"For the past few years I was doing a lot of different kinds of activist work in Russia about freedom in many different senses. So now to feel like all of that was kind of for nothing, because nothing I will ever do will compensate for the amount of loss and pain that now has been inflicted by that country... it's a really tough thing to go through."
Have you received any negativity or hate since Russia's invasion of Ukraine?
"A little bit but I would say less than I expected so far. I mean I am very loud in my position about current events. And I feel like in general that's enough for people to trust you, especially when you have persistently been expressing your opinion even before the invasion."
A common theme present in your photography is the idea of 'home'. You are currently based in New York, but where is your home?
"I mean I've struggled with this question even before the war. I was sent to England to study when I was 10, and then I moved to America when I was 15 and I lived here until I was 20, before moving back to Russia. So, I feel like in general this idea of home has always been a very complicated one."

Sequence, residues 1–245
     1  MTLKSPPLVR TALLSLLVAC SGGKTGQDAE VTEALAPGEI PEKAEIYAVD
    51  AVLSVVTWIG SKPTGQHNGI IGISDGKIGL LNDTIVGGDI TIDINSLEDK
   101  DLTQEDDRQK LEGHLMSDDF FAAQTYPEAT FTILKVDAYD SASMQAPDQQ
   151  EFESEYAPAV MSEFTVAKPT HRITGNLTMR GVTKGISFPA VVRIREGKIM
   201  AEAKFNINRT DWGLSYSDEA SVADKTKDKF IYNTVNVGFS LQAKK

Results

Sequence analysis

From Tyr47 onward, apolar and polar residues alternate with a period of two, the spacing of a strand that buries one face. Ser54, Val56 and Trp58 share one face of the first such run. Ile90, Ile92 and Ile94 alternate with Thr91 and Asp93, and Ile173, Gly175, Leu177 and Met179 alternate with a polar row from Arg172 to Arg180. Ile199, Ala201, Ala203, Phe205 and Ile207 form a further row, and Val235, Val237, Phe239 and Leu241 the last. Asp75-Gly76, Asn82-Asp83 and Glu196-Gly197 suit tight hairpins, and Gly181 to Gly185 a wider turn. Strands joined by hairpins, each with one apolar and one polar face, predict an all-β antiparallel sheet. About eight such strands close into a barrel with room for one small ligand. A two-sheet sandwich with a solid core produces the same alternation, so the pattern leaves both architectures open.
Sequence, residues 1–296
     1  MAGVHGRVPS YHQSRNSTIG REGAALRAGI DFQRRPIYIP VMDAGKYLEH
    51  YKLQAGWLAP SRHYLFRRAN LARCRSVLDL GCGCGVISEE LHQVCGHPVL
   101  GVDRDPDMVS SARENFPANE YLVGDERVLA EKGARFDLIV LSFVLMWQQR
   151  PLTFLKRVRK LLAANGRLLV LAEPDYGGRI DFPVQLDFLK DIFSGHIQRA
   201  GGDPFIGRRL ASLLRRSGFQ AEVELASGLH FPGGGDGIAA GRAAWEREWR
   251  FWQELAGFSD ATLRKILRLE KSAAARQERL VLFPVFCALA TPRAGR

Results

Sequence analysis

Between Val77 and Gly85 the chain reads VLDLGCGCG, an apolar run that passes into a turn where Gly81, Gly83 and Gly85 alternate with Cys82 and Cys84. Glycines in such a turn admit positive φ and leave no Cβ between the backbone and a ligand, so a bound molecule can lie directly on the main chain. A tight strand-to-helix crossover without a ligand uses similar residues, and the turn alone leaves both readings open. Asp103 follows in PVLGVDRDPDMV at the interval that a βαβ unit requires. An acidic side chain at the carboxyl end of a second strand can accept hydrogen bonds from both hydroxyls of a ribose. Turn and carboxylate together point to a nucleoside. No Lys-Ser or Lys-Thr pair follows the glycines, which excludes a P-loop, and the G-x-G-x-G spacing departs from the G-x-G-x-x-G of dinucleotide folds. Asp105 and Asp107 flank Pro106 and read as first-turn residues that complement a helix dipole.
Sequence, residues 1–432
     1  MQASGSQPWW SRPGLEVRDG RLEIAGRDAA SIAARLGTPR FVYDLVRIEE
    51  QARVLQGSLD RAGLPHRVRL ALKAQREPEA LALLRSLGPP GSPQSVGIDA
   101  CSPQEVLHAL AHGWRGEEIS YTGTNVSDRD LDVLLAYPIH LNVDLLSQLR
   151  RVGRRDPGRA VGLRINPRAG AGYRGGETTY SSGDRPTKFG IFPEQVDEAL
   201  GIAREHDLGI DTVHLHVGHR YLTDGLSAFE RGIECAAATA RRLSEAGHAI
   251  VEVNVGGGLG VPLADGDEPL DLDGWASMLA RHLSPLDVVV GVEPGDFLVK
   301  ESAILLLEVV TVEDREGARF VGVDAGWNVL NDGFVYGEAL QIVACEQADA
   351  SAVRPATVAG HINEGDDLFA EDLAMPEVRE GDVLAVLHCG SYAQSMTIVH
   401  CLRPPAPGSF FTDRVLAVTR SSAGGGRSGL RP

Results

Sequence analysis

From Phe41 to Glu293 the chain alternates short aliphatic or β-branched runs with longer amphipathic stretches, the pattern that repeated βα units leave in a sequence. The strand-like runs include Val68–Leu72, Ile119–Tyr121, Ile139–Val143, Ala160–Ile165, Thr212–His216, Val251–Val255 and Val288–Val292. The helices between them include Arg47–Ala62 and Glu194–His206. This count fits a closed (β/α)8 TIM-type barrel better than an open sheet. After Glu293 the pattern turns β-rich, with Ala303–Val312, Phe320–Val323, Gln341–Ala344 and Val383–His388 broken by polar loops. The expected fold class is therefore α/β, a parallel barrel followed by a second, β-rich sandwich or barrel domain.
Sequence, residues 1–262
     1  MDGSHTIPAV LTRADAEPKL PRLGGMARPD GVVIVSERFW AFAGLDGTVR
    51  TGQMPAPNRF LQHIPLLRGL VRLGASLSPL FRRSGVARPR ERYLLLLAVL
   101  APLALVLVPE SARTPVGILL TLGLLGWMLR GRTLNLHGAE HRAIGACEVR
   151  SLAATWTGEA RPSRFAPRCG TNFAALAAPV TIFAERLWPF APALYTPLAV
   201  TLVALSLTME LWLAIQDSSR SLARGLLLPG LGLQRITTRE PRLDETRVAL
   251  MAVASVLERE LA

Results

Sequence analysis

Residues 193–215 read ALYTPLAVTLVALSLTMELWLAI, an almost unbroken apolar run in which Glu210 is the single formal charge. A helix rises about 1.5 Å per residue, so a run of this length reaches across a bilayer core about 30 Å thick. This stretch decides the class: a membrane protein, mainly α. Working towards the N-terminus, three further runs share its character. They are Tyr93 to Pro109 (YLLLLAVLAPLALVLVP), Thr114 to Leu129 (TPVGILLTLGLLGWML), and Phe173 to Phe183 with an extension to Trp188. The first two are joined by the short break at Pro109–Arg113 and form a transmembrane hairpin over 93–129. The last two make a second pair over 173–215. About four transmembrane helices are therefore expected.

"I do still feel like Moscow is home and I love it so much. But it's a bubble within Moscow that I love. And it's now just burst very fast. Now I don't really feel like there's a safe space in Moscow any more."
What was it like being detained and fined for your 'Freedom' photo shoot?
"It's so funny because when it happened it seemed so dramatic and then a year later things like this are happening every day. When I got detained everybody was freaking out. There were chats on Telegram with all the Russian media people being like, "Who has lawyers? Who can pull her out?". It was crazy. Versus now, almost every single person I know has been detained. So, that's just a really freaky insight into Russian reality."